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Old May 13th, 2008, 04:25 PM   #1
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Shoot 30fps change to 24fps slow mo in FCP??

I'd like to get sound with my slow motion... so I would like to shoot 30fps and then in FCP some how have the clip playback rate be changed to 24fps which would give me slow motion. I could then fix the sound with a speed change.

Does anyone know how to do this?

Changing speed - just gives your frame blending - not same as shooting 30fps played back at 24fps.

Exporting it to 24fps and reimporting at 24 - doesn't work - as it just dropped the extra frames and plays back at normal speed. Help?!
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Old May 13th, 2008, 04:31 PM   #2
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I know there's a way to do it in cinema tools but haven't tried it. You could also export it as 100% jpg frames in it QT Pro and then open the sequence, also in QT pro, at 23.976 fps. Then save the movie.
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Old May 13th, 2008, 05:44 PM   #3
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Thanks! I knew there was an expert out there!
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Old May 21st, 2008, 06:22 PM   #4
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I'm sorry but I can not get this to work. Anyone else know how to export and re-import footage from 30fps to 24fps (slow motion). Thanks.
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Old May 21st, 2008, 08:19 PM   #5
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1. Find the Quicktime file in the Finder (not in FCP) and double click it to open it in Quicktime Player.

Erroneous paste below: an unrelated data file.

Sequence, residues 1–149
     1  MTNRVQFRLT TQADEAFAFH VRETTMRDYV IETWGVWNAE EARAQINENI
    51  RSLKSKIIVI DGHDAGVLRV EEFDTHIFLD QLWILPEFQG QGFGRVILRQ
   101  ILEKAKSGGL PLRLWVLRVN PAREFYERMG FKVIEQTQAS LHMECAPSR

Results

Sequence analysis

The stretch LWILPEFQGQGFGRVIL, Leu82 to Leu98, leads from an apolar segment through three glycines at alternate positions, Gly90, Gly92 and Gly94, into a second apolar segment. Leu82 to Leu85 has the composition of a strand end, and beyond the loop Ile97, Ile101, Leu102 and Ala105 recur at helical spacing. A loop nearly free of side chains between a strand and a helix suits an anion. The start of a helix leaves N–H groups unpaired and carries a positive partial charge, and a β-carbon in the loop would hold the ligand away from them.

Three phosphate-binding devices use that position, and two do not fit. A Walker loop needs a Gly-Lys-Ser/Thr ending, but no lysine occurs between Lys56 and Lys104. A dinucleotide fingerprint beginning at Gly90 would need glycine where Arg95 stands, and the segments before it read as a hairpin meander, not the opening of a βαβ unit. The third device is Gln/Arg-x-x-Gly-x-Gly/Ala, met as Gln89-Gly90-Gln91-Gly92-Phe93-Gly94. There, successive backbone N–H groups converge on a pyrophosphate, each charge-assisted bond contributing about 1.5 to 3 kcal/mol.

2. Choose File/Export

3. Change the popup at the bottom the the Export dialog to "Movie to Image Sequence"

4. Click Options

5. Select TIFF, or JPG - small window opens

6. Click Options (within the small window). Tiny Window Opens. Set the quality to the best, and the bit depth to the best.

7. Click OK in the tiny window

8. Make sure the frame rate listed matches your source frame rate (29.97fps) Click OK in the small window.

9. Make a new folder where you want to save the (very large) frame sequence. This is a temporary save - you can trash it when you are done.

10. Click the Save button in the Export dialog - the frame sequence will export to your folder.

11. Close the original movie.

12. Select File/Open Image Sequence

13. Find the first frame in the image sequence you created in the folder you created. Select it and click Open.

14. A small dialog pops up. Select the desired frame rate (23.976) and click OK.

15. The movie opens in a new window at the desired frame rate. Save the movie.

16. Save the movie or Export it in the desired codec.

Note that this process involves two compressions and can slightly reduce the quality of the movie. There can also be some slight color shifts that need to be corrected. And time code is lost.

That other technique using Cinema Tools may well be better but I have not explored it.

Last edited by Eric Pascarelli; May 22nd, 2008 at 03:03 PM.
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Old May 21st, 2008, 08:53 PM   #6
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Old May 21st, 2008, 09:33 PM   #7
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Thank you very much Eric. I will give it a shot first thing tomorrow.

I do enjoy recording sound with my slow motion - like crashing waves. Thanks!

UPDATE - IT WORKED!!! WOW thanks... I missed a step or two trying to do this myself.

Last edited by Greg Voevodsky; May 22nd, 2008 at 05:24 PM.
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